Our home during dinnertime has become a bit of an obstacle course. While I cook, my daughter Eleanor likes to scurry all over the kitchen, running full speed around our island until she collapses from exhaustion. It’s a funny scene to observe. Most days, I find it hilarious, and my husband and I share a good laugh over it – but lately, it’s been the opposite. By 6 PM, I’m worn over the constant disciplining of our sweet, but strong-willed, 20-month-old. I’m exhausted from washing piles of laundry that seem to never end. The day and all its chores have left me spent and weary.
Just recently, we had an incident that left my head spinning. As I was finishing dinner one night, I heard the familiar sound of Eleanor’s feet pitter-pattering on our tile floor. She began tugging at my jeans, exclaiming, “Read! Read!” while holding up her favorite book. Frustrated, I quickly told her to wait until after dinner, before turning back to finish cooking. She began to cry and motioned for me to hold her. Instead of calmly telling her I needed to finish making our supper, I gave in to my anger and sin. Before I could even think the words, I yelled at my daughter.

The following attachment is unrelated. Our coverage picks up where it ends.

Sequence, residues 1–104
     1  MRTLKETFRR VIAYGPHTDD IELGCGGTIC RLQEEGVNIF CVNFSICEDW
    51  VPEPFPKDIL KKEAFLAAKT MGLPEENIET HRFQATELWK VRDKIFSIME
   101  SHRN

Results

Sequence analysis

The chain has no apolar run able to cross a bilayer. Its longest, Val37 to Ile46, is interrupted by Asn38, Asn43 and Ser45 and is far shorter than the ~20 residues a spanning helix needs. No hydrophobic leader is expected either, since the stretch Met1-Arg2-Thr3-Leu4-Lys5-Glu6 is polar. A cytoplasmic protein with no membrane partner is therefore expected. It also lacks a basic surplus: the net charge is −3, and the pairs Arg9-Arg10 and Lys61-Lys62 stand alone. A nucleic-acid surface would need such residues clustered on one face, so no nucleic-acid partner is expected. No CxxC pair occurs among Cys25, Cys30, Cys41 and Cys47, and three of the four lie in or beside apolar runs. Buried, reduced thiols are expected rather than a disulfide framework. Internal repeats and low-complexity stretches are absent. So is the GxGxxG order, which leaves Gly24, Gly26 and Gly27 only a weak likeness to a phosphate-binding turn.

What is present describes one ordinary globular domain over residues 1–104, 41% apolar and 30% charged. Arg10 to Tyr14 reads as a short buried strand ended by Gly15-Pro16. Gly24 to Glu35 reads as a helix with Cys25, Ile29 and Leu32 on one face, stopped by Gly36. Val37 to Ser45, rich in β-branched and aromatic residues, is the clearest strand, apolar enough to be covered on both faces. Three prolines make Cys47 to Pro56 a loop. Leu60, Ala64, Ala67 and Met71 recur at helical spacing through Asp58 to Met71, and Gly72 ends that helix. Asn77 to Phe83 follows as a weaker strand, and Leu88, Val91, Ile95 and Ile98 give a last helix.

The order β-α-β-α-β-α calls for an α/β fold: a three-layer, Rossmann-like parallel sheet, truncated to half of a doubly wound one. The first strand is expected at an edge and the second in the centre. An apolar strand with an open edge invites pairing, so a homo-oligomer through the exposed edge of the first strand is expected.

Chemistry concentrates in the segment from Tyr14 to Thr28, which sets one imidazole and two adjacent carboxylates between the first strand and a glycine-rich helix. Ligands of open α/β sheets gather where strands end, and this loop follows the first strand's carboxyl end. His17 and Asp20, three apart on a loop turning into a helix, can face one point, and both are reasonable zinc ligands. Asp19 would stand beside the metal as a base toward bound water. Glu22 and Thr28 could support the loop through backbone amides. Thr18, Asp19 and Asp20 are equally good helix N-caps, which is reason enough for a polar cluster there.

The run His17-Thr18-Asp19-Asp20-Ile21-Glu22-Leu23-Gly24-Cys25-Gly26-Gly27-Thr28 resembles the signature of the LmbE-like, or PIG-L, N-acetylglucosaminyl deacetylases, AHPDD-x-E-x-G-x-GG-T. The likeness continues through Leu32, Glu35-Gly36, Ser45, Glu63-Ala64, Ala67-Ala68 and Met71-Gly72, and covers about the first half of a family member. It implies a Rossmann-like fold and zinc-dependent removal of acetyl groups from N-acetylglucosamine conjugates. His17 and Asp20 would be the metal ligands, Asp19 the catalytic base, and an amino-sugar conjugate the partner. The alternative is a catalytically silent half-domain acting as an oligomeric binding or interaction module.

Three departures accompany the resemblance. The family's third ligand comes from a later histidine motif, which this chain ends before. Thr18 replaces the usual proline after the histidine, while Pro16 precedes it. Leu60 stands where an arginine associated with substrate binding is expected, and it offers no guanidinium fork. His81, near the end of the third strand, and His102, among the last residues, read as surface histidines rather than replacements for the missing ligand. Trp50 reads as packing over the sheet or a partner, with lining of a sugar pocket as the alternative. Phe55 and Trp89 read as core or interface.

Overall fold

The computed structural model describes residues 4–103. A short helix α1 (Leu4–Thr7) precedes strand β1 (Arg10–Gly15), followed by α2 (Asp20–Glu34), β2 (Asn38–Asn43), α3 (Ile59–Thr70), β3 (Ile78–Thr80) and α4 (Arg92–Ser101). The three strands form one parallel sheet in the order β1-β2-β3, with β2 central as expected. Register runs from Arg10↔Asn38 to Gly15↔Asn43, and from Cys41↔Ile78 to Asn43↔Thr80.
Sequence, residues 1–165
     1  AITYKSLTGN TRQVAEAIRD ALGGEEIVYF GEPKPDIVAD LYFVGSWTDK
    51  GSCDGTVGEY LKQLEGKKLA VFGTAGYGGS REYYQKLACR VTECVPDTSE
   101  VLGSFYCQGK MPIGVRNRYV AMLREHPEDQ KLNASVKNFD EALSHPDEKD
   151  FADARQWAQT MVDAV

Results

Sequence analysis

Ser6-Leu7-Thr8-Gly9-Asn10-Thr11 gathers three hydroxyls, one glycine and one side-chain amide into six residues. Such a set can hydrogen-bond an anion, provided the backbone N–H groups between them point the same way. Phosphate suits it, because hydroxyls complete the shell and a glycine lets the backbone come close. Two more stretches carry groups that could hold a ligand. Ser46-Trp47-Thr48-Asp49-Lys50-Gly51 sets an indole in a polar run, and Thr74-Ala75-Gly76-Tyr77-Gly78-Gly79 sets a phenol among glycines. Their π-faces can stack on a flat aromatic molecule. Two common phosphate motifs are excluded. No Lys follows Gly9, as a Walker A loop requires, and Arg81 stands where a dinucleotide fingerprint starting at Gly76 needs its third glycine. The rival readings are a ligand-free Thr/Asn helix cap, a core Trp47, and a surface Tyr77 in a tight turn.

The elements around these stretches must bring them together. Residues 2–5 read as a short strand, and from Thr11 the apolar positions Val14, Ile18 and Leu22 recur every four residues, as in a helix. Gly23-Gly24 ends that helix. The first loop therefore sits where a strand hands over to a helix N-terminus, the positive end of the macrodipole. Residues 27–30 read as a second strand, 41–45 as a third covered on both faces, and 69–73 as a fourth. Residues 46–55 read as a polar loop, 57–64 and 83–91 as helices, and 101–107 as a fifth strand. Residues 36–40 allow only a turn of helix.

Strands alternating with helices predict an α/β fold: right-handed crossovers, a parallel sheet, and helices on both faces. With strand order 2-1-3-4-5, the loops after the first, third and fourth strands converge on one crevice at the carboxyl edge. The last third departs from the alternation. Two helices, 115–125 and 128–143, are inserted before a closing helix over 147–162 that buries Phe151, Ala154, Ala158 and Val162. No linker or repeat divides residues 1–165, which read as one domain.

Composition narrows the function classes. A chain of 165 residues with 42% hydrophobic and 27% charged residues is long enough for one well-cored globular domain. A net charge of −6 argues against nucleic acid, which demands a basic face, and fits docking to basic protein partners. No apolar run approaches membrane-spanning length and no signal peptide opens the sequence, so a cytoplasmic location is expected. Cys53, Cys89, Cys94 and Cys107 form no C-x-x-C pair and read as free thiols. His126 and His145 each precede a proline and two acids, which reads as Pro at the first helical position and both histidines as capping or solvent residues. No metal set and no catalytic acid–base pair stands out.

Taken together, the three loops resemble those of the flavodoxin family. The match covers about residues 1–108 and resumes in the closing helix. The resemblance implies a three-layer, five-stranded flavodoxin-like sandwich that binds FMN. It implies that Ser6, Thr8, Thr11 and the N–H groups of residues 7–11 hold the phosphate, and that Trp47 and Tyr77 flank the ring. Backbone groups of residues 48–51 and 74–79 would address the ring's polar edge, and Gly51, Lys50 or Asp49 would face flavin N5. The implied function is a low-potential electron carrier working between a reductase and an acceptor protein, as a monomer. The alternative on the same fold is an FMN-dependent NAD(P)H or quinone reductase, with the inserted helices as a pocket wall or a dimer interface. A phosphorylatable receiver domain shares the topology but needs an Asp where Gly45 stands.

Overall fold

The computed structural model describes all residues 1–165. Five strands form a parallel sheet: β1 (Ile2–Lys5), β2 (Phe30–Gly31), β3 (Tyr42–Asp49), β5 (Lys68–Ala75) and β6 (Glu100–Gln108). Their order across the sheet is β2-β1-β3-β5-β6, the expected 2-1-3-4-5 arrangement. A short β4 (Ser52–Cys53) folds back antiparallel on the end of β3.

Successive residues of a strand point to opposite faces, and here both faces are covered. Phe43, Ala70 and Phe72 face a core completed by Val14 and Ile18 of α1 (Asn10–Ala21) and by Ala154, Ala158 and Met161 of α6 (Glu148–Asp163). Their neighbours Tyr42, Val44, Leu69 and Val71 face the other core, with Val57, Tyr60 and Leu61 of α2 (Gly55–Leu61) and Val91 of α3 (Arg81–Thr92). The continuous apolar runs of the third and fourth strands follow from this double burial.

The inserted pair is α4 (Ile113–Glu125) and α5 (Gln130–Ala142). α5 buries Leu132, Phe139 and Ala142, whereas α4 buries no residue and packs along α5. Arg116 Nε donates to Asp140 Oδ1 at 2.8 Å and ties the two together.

“Please just stop! Go in the living room so I can finish making our dinner!”
I couldn’t even finish the sentence before the guilt began welling up in my heart. My daughter looked up at me and burst into tears… and I did the same.
At that moment, I chose to give in to my flesh and yell in frustration. The annoyance and irritation I felt in my heart seeped through my lips as I spoke, and my daughter was affected by it.